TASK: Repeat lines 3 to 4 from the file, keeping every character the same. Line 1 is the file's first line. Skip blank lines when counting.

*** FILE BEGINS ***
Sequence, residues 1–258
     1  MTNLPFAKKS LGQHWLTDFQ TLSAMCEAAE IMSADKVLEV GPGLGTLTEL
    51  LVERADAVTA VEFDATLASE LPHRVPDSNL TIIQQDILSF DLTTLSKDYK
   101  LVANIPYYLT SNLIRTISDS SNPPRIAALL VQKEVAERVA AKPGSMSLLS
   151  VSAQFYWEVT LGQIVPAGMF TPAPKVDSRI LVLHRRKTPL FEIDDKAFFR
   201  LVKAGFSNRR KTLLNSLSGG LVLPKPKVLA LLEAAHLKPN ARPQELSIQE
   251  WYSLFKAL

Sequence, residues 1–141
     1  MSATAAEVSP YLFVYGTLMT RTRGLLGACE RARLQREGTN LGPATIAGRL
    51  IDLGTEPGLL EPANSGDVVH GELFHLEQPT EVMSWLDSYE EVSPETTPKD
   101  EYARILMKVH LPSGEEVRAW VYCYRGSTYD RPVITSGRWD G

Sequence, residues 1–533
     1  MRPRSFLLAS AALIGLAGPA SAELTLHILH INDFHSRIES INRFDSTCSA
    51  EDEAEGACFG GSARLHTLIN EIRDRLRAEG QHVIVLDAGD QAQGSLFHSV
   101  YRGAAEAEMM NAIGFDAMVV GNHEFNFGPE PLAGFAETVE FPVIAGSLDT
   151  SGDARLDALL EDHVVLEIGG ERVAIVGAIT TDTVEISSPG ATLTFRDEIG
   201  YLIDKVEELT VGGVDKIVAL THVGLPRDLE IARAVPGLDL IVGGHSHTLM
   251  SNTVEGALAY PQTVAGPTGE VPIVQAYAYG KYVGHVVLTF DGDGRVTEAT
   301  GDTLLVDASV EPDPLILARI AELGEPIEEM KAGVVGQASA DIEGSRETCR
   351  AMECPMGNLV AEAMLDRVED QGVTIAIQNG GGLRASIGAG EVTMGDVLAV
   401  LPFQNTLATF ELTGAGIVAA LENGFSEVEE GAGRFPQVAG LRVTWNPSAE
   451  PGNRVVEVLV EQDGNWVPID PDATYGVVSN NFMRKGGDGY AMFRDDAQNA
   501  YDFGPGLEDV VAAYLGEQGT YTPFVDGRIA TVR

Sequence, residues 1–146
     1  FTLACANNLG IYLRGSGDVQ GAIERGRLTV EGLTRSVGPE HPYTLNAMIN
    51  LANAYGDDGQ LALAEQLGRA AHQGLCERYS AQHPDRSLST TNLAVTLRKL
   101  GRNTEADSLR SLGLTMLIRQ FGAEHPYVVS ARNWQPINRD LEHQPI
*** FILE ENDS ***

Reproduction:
    51  LVERADAVTA VEFDATLASE LPHRVPDSNL TIIQQDILSF DLTTLSKDYK
   101  LVANIPYYLT SNLIRTISDS SNPPRIAALL VQKEVAERVA AKPGSMSLLS